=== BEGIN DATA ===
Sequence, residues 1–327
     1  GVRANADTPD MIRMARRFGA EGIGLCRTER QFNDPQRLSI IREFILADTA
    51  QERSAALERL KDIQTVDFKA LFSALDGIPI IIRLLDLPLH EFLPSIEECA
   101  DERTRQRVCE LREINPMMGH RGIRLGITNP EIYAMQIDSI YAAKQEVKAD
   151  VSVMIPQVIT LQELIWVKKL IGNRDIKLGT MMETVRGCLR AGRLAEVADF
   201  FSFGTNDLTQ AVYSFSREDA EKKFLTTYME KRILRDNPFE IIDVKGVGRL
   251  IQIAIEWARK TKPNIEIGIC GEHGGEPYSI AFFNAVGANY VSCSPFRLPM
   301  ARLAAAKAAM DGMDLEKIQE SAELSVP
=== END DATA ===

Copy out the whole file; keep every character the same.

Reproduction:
Sequence, residues 1–327
     1  GVRANADTPD MIRMARRFGA EGIGLCRTER QFNDPQRLSI IREFILADTA
    51  QERSAALERL KDIQTVDFKA LFSALDGIPI IIRLLDLPLH EFLPSIEECA
   101  DERTRQRVCE LREINPMMGH RGIRLGITNP EIYAMQIDSI YAAKQEVKAD
   151  VSVMIPQVIT LQELIWVKKL IGNRDIKLGT MMETVRGCLR AGRLAEVADF
   201  FSFGTNDLTQ AVYSFSREDA EKKFLTTYME KRILRDNPFE IIDVKGVGRL
   251  IQIAIEWARK TKPNIEIGIC GEHGGEPYSI AFFNAVGANY VSCSPFRLPM
   301  ARLAAAKAAM DGMDLEKIQE SAELSVP